Greenspan's Four Lessons: An Important Senior Tokyo Financial Strategist Sizes Up the Last Two Decades of U.S. Monetary Policy

By Utsumi, Makoto | The International Economy, Winter 2006 | Go to article overview

Greenspan's Four Lessons: An Important Senior Tokyo Financial Strategist Sizes Up the Last Two Decades of U.S. Monetary Policy


Utsumi, Makoto, The International Economy


The curtain has finally closed on the eighteen-year tenure of Chairman Alan Greenspan, and we would like to draw some lessons from the policies implemented by this great leader of the U.S. Federal Reserve Bank.

FIRST LESSON. Always be ready to face an unforeseen crisis in managing monetary policy. Here's an example. Since June 2004, the Federal Reserve has been raising the fed funds rate by a quarter of a point at each FOMC meeting. Some in the markets questioned why it was necessary to create waves on flat waters against the backdrop of a looming economic slowdown.

Trying to read Chairman Greenspan's mind, one might infer that he wanted to bring monetary policy to a neutral position as soon as possible. If this could not be achieved, the Fed would not be able to play its role as a responsible central bank if any unforeseen risk arose, as monetary policy would not be effective.

Looking at the current monetary policy situation in Japan in the light of this thinking, one cannot help but feel frightened by the fact that the exit from the monetary policy measures necessitated by the darkest economic situation in the past years cannot yet be found, and no margin of maneuver is left for policy action in case of an unforeseen crisis.

Besides, Greenspan recently commented on the fact that long-term interest rates in the United States have been kept at abnormally low levels, hinting that he expected this situation to be corrected. The true thinking behind this, one suspects, is that Chairman Greenspan might be worried about the risk of a possible sudden rise in long-term interest rates in the wake of an event.

SECOND LESSON. Greenspan's second lesson is found in his response to asset inflation. During his tenure, stock prices rose far more than the historical average. Moreover, in recent years, land prices have gone up consistently, causing some to regard the situation as close to the bubble in some areas. On the other hand, the inflation rate has remained quite stable. The rise in asset prices against the backdrop of a stable inflation rate--a situation that to a certain extent resembles that of Japan in the late 1980s--has this author taking careful note of Chairman Greenspan's response.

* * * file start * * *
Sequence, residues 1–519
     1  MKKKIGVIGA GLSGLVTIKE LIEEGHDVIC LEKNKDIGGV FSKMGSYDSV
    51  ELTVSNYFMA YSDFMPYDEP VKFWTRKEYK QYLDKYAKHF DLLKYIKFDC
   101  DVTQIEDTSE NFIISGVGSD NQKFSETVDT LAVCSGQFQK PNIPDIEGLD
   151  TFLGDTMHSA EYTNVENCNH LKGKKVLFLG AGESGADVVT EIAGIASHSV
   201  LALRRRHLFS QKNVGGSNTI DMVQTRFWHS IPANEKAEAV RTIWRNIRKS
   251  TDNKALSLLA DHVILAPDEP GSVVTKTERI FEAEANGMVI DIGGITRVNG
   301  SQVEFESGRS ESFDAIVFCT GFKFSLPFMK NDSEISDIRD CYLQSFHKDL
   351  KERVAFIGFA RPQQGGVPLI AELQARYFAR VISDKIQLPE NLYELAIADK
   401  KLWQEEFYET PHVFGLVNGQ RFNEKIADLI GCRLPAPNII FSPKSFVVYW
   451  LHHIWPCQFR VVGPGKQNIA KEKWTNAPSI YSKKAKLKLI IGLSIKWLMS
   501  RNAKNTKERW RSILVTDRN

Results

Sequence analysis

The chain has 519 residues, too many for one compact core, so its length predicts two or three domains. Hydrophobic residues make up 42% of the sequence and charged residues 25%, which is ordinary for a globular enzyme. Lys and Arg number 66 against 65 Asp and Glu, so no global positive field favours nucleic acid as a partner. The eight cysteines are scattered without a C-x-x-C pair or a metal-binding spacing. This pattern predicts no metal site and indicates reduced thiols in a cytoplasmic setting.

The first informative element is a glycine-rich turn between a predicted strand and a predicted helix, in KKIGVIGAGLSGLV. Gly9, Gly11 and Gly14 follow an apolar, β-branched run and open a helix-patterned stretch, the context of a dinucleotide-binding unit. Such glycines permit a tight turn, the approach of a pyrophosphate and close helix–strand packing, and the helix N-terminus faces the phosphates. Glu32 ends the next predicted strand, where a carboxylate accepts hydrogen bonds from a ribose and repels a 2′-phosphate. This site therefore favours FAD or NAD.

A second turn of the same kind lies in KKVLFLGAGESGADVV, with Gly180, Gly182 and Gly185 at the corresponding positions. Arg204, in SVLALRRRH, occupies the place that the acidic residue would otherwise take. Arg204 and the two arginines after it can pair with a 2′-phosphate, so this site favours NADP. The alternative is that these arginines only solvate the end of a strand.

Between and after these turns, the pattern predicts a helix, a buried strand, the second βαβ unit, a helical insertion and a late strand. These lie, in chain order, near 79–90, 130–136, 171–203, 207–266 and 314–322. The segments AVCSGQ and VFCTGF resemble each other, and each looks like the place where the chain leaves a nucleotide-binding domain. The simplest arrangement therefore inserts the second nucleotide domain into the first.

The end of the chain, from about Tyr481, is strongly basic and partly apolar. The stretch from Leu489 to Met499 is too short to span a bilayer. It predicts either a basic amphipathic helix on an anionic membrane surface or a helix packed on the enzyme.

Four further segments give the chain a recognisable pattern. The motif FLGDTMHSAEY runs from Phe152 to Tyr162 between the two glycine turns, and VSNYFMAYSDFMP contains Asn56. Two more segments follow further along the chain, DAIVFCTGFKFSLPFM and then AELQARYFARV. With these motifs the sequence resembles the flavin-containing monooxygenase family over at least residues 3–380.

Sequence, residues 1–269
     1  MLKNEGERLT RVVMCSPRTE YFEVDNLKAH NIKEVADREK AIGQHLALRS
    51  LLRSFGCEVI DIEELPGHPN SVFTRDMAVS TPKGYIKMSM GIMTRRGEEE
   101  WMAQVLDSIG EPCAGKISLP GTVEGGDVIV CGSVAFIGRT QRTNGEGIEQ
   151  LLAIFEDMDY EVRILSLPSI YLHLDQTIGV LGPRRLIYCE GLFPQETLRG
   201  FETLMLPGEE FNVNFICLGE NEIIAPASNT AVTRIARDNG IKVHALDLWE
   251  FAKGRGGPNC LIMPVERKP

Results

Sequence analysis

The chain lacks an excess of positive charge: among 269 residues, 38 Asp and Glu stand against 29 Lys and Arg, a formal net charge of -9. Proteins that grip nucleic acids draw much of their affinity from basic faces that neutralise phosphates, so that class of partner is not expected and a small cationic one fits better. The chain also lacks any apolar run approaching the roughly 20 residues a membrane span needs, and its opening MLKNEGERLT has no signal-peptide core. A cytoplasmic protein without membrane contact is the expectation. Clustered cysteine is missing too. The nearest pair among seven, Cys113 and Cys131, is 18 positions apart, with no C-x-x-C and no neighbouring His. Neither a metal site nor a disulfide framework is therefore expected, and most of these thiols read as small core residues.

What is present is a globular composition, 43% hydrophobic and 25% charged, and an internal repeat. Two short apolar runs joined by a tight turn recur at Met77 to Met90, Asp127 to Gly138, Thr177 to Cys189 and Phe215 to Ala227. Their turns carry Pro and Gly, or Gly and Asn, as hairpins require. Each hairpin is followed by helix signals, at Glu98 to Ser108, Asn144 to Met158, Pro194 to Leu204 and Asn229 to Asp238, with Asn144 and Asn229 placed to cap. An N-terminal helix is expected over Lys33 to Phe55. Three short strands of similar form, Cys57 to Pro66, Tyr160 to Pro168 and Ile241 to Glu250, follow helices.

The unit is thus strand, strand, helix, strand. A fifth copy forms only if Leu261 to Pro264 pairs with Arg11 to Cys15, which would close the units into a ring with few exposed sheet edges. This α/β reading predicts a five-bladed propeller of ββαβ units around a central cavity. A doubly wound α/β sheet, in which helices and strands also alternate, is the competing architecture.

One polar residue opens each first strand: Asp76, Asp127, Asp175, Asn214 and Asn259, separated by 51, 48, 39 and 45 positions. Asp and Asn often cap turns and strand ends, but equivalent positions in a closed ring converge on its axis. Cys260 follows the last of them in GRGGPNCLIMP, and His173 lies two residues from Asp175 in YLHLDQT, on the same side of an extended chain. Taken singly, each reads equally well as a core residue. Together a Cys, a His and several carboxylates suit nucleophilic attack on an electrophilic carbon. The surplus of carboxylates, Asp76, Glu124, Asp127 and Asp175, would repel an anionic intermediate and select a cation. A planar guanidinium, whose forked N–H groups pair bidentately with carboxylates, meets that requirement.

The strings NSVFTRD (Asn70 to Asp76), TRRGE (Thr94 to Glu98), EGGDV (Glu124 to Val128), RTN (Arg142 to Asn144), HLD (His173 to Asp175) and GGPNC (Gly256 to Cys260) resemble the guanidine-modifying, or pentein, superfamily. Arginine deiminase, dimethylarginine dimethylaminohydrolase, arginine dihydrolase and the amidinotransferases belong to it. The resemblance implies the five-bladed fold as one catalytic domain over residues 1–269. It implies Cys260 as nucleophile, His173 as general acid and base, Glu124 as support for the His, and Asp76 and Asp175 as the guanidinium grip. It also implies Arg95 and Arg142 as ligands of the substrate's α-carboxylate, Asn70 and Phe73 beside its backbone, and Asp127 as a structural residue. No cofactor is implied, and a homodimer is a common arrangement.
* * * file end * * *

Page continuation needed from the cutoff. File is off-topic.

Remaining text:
The Fed Chairman's response was that the role of monetary policy was to control consumer inflation rates, not deal with asset inflation. While verbally blocking the sharp stock price increase by calling it "irrational exuberance," he did not accompany those words with monetary policy measures such as interest rates hikes.

In Japan, monetary authorities facing the same situation of asset inflation with stable consumer prices concluded that it was the role of the central bank to deal with the issue, and the Bank of Japan fought aggressively, with a very fast hike of the official discount rate, from 2.5 percent to 6 percent, within fifteen months in 1989-90. While this policy was successful in bursting the real estate and stock bubbles, it pushed the Japanese economy and the Japanese banks to the bottom of darkness.

One can well imagine that Chairman Greenspan drew lessons from the Japanese experience. He made sure that the financial surveillance authorities carefully monitored the soundness of the banking system due to the active role played by banks in stimulating asset inflation. And indeed the Fed's area that oversees banking activity aggressively pursued its mission. But at the same time Chairman Greenspan refrained from implementing monetary tightening. This policy response in facing asset inflation with stable consumer prices could become a model policy if such a situation occurred in other countries.

In Japan, many discussions and analyses are held inside and outside the Bank of Japan as to who was responsible for monetary policy that led to asset inflation. However, there are almost no discussions as to how monetary policy should have responded to asset inflation. …

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